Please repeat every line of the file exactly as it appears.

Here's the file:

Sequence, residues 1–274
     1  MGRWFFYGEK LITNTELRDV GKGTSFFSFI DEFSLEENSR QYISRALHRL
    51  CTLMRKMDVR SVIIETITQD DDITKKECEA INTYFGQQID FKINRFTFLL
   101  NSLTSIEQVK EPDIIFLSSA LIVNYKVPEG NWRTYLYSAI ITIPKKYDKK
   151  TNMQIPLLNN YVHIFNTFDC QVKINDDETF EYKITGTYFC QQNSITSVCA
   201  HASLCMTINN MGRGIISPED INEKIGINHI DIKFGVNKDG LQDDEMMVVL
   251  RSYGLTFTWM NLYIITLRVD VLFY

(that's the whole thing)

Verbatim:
Sequence, residues 1–274
     1  MGRWFFYGEK LITNTELRDV GKGTSFFSFI DEFSLEENSR QYISRALHRL
    51  CTLMRKMDVR SVIIETITQD DDITKKECEA INTYFGQQID FKINRFTFLL
   101  NSLTSIEQVK EPDIIFLSSA LIVNYKVPEG NWRTYLYSAI ITIPKKYDKK
   151  TNMQIPLLNN YVHIFNTFDC QVKINDDETF EYKITGTYFC QQNSITSVCA
   201  HASLCMTINN MGRGIISPED INEKIGINHI DIKFGVNKDG LQDDEMMVVL
   251  RSYGLTFTWM NLYIITLRVD VLFY